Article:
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BLOOD: Today’s opportunities to donate blood are at United Reformed Church in Enfield and Church Of Lady Of The Annunciation in Addiscombe. Free, see site for terms and conditions
HALF TERM: Half term begins today. If you’re looking for something to do with your kids in London, check out our list of Stuff To Do In Half Term, and a roundup of the best child-friendly restaurants.
PHOTOGRAPHY: Photo Noir is a new exhibition of photography by Cornel Lucas, the only stills photographer to be awarded a BAFTA for his service to the British Film Industry. At the National Theatre. Free, just turn up, until 29 March
LAST CHANCE: Four Four Jew, an exhibition at The Jewish Museum portraying historical links between London’s Jewish community and football, closes on Sunday. £7.50 , just turn up, until 23 February
WAR DEBATE: The British Library hosts a debate about the causes, meaning and myths of the First World War, with panellists from Bristol and Queen Mary Universities, as well as Professor Gary Sheffield, Professor of War Studies at the University of Wolverhampton. £5/£3, prebook, 6.30pm
FILM SCREENING: The London premiere of indy film Partir To Live takes place at Hoxton Gallery tonight, with musical performance by Jozef Van Wissem. The film is a paranormal intertwining of past, present and future. £7/£5, prebook, 7pm
TEXT SPEAK: Kings Place hosts Questions Of Grammar, a discussion between David Marsh, Production Editor of The Guardian and Nevile Martin Gwynne, author of Gwynne’s Grammar, about whether we are becoming too liberal with our use of the English language. Stray apostrophe’s, beware. £9.50, prebook, 7pm
FILM CLUB: Alibi Film Club in Dalston are showing Machete Kills this week. Free, just turn up, 7pm
AFRICA QUIZ: Rich Mix hosts The Africa Centre’s quiz, with about a third of the questions themed around Africa, and the rest general knowledge, meaning that everyone can join in and learn. Free, prebook, 7.30pm
CARTOON TALK: Multi-award winning cartoonist and writer Martin Rowson talks about his life, cartoons, satire and ethics. The venue is Conway Hall in Holborn. £5/£2, prebook, 7.30pm
POETRY TALK: Coffee-House Colloquies: The Art of Choosing takes place at the Troubadour in Earl’s Court, where editors from four leading poetry magazines talk about their jobs and poetry in general. Free, just turn up, 8pm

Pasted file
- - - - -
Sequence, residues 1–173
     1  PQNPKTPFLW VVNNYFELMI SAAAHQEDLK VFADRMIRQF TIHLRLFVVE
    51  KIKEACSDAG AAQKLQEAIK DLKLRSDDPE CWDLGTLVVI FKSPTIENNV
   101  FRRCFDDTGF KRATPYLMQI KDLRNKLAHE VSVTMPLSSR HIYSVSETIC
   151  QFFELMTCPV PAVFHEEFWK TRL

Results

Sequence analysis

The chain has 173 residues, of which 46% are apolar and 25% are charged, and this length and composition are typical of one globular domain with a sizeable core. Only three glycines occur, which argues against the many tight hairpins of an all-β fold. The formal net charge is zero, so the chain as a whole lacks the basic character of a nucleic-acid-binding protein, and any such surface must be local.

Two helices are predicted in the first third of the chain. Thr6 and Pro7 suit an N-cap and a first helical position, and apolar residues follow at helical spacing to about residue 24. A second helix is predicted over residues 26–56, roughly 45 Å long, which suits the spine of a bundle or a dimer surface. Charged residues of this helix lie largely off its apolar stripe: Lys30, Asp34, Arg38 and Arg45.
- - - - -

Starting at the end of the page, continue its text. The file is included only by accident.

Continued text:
COMEDY: Comedy duo Rat present their show Things, at Etcetera Theatre. We like the sound of one of their skits as performed by three stupid dogs. £11.50, prebook, 9.30pm
Bermondsey start-up Pact Coffee is on a mission to get London drinking better, fresher coffee. Get your first 250g bag of hand-roasted coffee delivered to your home or office for only £1 with free P&P. Just use the code londonist14 at checkout. For more info and T&Cs click here.
Good Cause of the Day
Greenwich Food Festival takes place at Greenwich Market today, with all profits going to Greenwich Food Bank, a charity which provides local people in need with emergency food supplies. Local traders will be selling products including honey, cheese, wine and bread. Performers including Greenwich University Choir and Kid Called Sorrow provide entertainment. Entry is free, from 11am.
London Connection Puzzle
A big, warm ‘well done’ to Paul Carpenter, the only person to write in with the correct solution to last week’s puzzle. The four clues were St Peter Ad Vincula, The House of Lords, the Cutty Sark and the Nash Conservatory. The answer is that they’re all features of London’s four World Heritage Sites: the Tower of London, the Palace of Westminster, Maritime Greenwich and Royal Botanic Gardens, Kew, respectively. A new puzzle, set by Paul, will start tomorrow.
From the Archive
In this day in 2012, the Valentine’s Day love was still going. Londonist reader Adam Ladds spotted this poem chalked onto the pavement in Ealing. How lovely.
It’s ‘Rude and Lewd Week’ on Londoddities. We begin at the Albert pub on Victoria Street, which is justly proud of its 19th century etched-glass windows. But do you see anything untoward among the frosted foliage? Those with pure minds will observe only a tasteful piece of Victorian artistry. Those with more sordid imaginations might detect an anatomical curiosity in the glazing. Which do you see?